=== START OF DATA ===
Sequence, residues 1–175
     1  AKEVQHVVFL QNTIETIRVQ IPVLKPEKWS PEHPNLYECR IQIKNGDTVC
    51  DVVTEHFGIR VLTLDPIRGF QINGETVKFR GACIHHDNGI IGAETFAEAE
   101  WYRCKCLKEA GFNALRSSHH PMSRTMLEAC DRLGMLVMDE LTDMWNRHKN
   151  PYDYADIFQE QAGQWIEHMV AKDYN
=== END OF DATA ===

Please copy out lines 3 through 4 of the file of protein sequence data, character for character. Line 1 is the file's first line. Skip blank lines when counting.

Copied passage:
    51  DVVTEHFGIR VLTLDPIRGF QINGETVKFR GACIHHDNGI IGAETFAEAE
   101  WYRCKCLKEA GFNALRSSHH PMSRTMLEAC DRLGMLVMDE LTDMWNRHKN